– I’ve been on for sometime about New Zealand, as any long term reader of this Blog knows.Â Â Indeed, my wife and I have secured resident visas for NZ as a sort of insurance policy.Â Â
– This means that we now have the permanent right to live there, if we want to for the rest of our lives.Â And, we may well do so when we’re ready to retire.Â
– If the world begins to crumble as a result of the numerous threats that I an others have detailed, then moving there will certainly look like a good move.
– We’re not the only folks to think so. Â I came across a reference to the article, below, on a friend’s Blog and I found it interesting reading, indeed.
= = = = = = = = = = = = = = = =
Is the end really, finally nigh? And if it is, what are you going to do about it? John McCrone meets some South Islanders who are getting ready for the end of the world as we know it.
The ‘twin tsunamis’ of global warming and peak oil could spell TEOTWAWKIÂ – the endÂ of the world as we know it – and already, quietly, some people are getting prepared because they believe we are talking years rather than decades.
Helen, a petite 42-year-old Nelson housewife, is racing to build her own personal TEOTWAWKI lifeboat.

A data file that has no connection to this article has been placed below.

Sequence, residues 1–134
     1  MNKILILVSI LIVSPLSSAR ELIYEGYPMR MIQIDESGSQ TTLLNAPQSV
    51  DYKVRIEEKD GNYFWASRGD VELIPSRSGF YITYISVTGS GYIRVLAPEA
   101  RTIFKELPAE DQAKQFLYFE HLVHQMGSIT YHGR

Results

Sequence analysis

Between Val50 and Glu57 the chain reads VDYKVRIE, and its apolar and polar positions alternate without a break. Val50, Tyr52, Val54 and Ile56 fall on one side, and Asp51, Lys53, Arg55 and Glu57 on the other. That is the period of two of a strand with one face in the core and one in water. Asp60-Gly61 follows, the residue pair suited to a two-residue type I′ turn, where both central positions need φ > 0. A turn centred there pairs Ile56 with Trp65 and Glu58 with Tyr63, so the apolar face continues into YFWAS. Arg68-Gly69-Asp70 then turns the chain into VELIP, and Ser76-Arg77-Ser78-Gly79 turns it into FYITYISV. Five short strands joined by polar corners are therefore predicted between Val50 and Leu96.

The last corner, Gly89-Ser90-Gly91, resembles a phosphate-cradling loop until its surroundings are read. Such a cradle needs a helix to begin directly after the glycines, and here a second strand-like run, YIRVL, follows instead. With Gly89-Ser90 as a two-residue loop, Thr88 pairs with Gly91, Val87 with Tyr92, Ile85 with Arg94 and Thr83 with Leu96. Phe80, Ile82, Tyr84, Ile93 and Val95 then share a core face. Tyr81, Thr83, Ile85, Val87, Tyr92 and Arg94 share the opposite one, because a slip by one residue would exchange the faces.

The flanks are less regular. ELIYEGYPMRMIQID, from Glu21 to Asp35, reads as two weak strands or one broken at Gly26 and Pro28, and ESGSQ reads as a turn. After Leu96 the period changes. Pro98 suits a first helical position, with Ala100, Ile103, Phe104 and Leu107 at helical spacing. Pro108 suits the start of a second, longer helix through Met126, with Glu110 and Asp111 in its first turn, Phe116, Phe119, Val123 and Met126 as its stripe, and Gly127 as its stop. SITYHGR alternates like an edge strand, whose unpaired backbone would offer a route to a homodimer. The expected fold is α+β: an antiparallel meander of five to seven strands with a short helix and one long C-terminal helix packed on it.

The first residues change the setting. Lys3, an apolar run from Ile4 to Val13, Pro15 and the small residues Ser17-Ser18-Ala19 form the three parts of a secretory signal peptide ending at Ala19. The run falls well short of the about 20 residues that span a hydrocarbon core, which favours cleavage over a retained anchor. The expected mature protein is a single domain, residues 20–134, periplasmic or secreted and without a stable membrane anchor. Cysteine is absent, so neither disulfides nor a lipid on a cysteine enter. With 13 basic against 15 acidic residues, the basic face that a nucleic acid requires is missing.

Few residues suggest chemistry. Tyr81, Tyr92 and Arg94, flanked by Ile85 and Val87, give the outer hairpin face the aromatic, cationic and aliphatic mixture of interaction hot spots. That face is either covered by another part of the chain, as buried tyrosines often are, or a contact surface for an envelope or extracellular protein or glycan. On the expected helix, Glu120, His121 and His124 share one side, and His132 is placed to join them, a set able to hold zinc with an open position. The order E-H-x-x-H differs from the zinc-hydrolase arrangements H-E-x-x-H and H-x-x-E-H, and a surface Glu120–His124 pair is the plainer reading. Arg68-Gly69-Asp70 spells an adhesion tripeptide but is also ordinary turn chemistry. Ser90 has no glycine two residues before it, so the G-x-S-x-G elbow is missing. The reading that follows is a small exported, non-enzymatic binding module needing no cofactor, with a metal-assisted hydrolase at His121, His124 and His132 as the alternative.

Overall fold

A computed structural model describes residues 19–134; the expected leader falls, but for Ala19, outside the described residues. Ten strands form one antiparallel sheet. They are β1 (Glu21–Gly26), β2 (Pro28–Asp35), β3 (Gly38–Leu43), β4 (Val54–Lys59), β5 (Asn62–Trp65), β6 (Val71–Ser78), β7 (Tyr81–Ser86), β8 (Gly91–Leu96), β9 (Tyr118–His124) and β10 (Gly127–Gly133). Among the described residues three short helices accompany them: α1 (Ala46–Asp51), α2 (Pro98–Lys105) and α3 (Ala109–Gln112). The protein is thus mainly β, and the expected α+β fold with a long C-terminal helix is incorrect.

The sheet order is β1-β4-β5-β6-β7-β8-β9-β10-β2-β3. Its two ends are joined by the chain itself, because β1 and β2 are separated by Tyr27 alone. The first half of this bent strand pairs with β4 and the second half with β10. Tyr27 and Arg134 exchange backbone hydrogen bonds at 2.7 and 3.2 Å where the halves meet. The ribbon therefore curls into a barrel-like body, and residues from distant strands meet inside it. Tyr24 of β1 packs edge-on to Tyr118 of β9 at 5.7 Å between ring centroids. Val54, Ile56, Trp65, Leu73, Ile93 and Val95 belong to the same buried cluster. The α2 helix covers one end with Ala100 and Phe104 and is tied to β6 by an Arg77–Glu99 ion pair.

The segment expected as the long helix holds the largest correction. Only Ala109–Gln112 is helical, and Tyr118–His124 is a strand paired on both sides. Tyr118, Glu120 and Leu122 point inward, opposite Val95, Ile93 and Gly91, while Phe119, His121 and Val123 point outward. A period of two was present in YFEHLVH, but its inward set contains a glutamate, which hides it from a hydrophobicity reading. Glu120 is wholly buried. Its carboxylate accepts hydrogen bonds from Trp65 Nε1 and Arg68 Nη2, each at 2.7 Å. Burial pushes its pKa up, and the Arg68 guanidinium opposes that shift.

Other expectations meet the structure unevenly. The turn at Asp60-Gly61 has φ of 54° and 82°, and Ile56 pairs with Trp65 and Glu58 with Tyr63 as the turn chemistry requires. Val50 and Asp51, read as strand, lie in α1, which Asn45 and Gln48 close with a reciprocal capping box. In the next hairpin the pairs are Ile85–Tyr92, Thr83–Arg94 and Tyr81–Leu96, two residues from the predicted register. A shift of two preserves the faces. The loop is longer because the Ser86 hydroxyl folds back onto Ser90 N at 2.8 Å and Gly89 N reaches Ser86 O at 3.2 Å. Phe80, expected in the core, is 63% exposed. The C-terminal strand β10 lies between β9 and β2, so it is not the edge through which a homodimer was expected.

Earlier this year, she and her American husband cashed-upÂ to buy a 21ha farm in a remote, easily defensible, river valley backing onto the Arthur Range, north-west of Nelson.
The site ticks the right boxes. Way above sea level. Its own spring and stream. Enough winter sun. A good mix of growing areas. A sprinkling of neighbouring farms strung along the valley’s winding dirt-track road.
The digger was to arrive this week to carve out the platform for an adobe eco-house. A turbine in the stream will generate power. A composting toilet will deal with sewage.
Then there is the stuff that could really get her labelled as a crank (and why she would prefer to remain relatively anonymous, at least until she is completely set up). Back at her rented house in Nelson, Helen shows the growing collection of horse-drawn ploughs, wheat grinders, treadle sewing machines and other rusting relics of the pre-carbon era, she believes she will need the day the petrol pumps finally run dry.Â here is the library of yellowing books from colonial times, telling how to make your own soap, spin candlewicks, care for clydesdale horses.
– research thanks to Brian C.